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Environ Health Perspect. 1991 Jun;93:73-7.

Genetic analysis of the K-rev-1 transformation-suppressor gene.

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Tsukuba Life Science Center, Institute of Physical and Chemical Research (RIKEN), Ibaraki, Japan.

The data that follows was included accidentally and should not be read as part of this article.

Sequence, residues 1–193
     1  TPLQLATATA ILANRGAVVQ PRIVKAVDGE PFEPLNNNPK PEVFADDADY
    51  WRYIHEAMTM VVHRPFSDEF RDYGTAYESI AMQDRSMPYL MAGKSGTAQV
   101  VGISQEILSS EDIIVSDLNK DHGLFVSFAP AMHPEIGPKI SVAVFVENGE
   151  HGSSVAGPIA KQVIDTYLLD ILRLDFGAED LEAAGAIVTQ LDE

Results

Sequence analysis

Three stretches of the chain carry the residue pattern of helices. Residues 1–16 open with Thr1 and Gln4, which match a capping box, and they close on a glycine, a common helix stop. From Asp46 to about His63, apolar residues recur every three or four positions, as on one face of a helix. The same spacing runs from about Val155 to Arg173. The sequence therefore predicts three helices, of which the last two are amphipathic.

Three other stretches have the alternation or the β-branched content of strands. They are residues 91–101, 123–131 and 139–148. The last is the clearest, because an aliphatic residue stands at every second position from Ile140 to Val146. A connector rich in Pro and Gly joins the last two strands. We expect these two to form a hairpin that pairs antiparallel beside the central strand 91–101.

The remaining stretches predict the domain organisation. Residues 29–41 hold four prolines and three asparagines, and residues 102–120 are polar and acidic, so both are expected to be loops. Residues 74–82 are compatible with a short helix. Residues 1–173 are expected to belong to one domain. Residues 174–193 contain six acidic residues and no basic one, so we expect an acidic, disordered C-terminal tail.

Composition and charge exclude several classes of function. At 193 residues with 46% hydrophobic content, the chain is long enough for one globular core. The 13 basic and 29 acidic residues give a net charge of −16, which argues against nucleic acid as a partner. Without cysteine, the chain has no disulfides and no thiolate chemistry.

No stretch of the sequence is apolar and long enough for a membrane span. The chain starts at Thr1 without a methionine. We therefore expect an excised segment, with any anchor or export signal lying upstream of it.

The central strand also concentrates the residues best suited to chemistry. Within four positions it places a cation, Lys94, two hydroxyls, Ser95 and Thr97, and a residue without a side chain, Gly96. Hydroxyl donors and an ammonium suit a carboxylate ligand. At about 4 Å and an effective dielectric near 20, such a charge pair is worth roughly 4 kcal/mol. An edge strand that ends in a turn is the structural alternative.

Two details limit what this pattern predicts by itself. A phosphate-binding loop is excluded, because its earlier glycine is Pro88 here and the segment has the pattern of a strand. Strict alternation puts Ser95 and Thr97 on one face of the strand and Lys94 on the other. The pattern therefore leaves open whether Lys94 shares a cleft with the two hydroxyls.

Flat revertants with reduced malignancy in vivo can be isolated from Kirsten sarcoma virus-transformed NIH 3T3 cells (DT line) following transfection with a normal human fibroblast cDNA expression library. We have recovered from one such revertant a 1.8-kb cDNA clone, K-rev-1, that exhibits an activity of inducing flat revertants at certain frequencies (2-5% of total transfectants) when transfected into DT cells. The K-rev-1 cDNA has the capacity to encode a protein with a calculated molecular weight of 21,000, having strong structural similarity to ras proteins (approximately 50% homology), especially in their guanosine triphosphate/guanosine diphosphate-binding, effector-binding, and membrane-attachment domains. Toward understanding the mechanism of action of K-rev-1 protein, we constructed a series of point mutants of K-rev-1 cDNA and tested their biological activities. Substitutions of the amino acid residues in the putative guanine nucleotide-binding regions (Asp17 and Asn116), in the putative effector-binding domain (residue 38), at the putative acylation site (Cys181), and at the unique Thr61 all decreased the transformation-suppressor activity. On the other hand, substitutions including Gly12 to Val12, Ala59 to Thr59, and Gln63 to Glu63 were found to significantly increase the transformation-suppressor activity of K-rev-1. These findings are consistent with the idea that K-rev-1 protein is regulated like many other G-proteins by guanine triphosphate/guanine diphosphate-exchange mechanism probably in response to certain negative growth-regulatory signals.

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